I also have come to realize that I’ve stuck with more Skyline-affiliated sports in my section, as I’ve limited the use of national sports leagues and opinion articles (unless they were necessary due to lack of published content).
I’m not entirely sure if I’ll be back with a significant role on staff next school year, as I’ll have to proceed with completing units in order to hopefully transfer out soon. I will definitely continue to be a part of the staff though, even if I have to take 690. I’d love to be a tutor or assistant to current staffers that want to take on the role of a section editor next year. Until then, with two more print issues to go, we gotta finish this semester as strong as we started it.

By Jordan Sweidan

TSV Sports Editor

“Why is patience a virtue? Why can’t ‘hurry the (bleep) up’ be a virtue?”

One editor’s road to a coveted role.

Howdy! Allow me to introduce myself, as this is my first time writing for the TSV’s blog. (Don’t worry, this will lead into my topic of discussion). My name is Ray Garcia, and I am the 2014 spring entertainment editor of The Skyline View, finally, if I might add. (Told you! Also, hence the title).

In the past I’ve been the sports editor and the opinions editor before that. But after a long wait, I’m finally the entertainment editor. Now what does the entertainment editor do you ask? Well, let me tell ya.

I’m in charge of the Entertainment section, so I assign entertainment-type stories, (movie, music, and video game reviews, or anything else that is entertaining that needs to be reviewed), and then I lay out those stories on a software called InDesign as creatively as I want to.

Now again, for a few semester I’ve been biding my time, waiting for the chance to finally get a shot at being entertainment editor. This has been something I’ve wanted to do since my first semester.

Throughout my tenures as other section editors, I’ve been brewing ideas on how to operate and design the Entertainment section. So while I set up box scores for the Sports section during my tenure there, I also thought of incorporating a box office weekend results on Entertainment, which is just one of my many ideas that I have implanted this semester.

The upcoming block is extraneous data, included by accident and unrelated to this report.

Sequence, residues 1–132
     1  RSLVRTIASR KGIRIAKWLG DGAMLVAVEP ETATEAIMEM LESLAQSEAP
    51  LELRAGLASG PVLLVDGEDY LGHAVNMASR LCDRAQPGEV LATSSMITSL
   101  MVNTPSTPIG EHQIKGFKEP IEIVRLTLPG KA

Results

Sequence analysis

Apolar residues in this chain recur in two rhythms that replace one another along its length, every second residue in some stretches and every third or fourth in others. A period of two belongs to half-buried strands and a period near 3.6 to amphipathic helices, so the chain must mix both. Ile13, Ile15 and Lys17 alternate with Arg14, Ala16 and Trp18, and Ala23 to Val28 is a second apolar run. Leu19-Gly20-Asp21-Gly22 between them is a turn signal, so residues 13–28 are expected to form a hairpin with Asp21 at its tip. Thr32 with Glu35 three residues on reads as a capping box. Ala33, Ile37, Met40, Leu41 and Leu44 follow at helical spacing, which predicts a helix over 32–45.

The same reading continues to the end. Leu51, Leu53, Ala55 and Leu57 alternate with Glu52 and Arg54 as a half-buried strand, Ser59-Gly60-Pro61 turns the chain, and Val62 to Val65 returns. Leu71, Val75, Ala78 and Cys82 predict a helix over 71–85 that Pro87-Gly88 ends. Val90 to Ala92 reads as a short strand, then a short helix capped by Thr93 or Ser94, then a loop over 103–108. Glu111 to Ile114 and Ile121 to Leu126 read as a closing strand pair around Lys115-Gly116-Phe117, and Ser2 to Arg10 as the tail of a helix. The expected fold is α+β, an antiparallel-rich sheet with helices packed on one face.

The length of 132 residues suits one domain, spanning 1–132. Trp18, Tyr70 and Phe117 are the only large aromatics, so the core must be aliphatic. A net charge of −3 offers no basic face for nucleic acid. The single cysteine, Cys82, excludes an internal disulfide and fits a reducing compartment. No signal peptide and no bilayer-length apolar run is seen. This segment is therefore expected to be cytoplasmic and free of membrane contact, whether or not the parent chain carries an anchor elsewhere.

I’m having a blast this semester. Not only am I the section editor that I’ve been coveting, but we’ve got a great staff this semester. Being able to work with these great individuals is highlight of my Mondays, Wednesdays and Fridays. Our very own blog editor, Shaq, and Production Manager Renee have helped me put my ideas on InDesign, and give feedback on my layout.

As always, I would like to think that my section is the best looking one, even when I was opinions and sports editor, and by the feedback I get it sounds like I’m doing a pretty decent job, I guess.

But layout wasn’t always something that came easy to me. I remember my first semester, when I was opinions editor, I was thrown into the fire. I was a late signee

Ray Garcia working on layout during print production #6 photo courtesy of Shaquill Stewart

to the staff, and in the second class I attended the staff was already deciding which role they would take for the semester.

Nobody wanted to do opinions, so I was basically gifted opinions. And wow was I overwhelmed. On my first production, I sat in front of the computer, literally just staring into the screen. I had no idea what to do. All I could think was “what did I get myself into.”

I clicked random buttons and stuff, thinking back on it now I don’t know how I got through that. I was too shy to ask for help, so really I don’t know how I made it through.

But of course I familiarized myself with InDesign and got more confident with the software. Up until now, I feel the most confident on my InDesign skills. And I have enjoyed every moment of being entertainment editor. I can now apply my sharpened skills and ideas into making a great section.

By Ray Garcia

TSV Entertainment Editor